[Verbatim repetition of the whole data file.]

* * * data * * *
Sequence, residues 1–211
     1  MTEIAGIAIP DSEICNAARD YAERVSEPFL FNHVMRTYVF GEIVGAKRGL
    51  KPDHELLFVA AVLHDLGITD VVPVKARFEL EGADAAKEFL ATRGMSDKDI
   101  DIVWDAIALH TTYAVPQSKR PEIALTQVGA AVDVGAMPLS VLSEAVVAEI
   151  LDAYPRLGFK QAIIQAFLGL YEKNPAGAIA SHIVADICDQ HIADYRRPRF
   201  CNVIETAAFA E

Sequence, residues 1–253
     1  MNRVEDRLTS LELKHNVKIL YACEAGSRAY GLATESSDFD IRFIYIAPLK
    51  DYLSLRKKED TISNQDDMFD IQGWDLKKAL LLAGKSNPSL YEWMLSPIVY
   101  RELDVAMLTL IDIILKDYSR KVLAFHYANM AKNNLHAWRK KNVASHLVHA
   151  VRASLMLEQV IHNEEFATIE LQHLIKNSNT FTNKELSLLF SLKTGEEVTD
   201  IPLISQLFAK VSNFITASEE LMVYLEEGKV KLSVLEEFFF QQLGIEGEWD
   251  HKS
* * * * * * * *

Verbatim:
Sequence, residues 1–211
     1  MTEIAGIAIP DSEICNAARD YAERVSEPFL FNHVMRTYVF GEIVGAKRGL
    51  KPDHELLFVA AVLHDLGITD VVPVKARFEL EGADAAKEFL ATRGMSDKDI
   101  DIVWDAIALH TTYAVPQSKR PEIALTQVGA AVDVGAMPLS VLSEAVVAEI
   151  LDAYPRLGFK QAIIQAFLGL YEKNPAGAIA SHIVADICDQ HIADYRRPRF
   201  CNVIETAAFA E

Sequence, residues 1–253
     1  MNRVEDRLTS LELKHNVKIL YACEAGSRAY GLATESSDFD IRFIYIAPLK
    51  DYLSLRKKED TISNQDDMFD IQGWDLKKAL LLAGKSNPSL YEWMLSPIVY
   101  RELDVAMLTL IDIILKDYSR KVLAFHYANM AKNNLHAWRK KNVASHLVHA
   151  VRASLMLEQV IHNEEFATIE LQHLIKNSNT FTNKELSLLF SLKTGEEVTD
   201  IPLISQLFAK VSNFITASEE LMVYLEEGKV KLSVLEEFFF QQLGIEGEWD
   251  HKS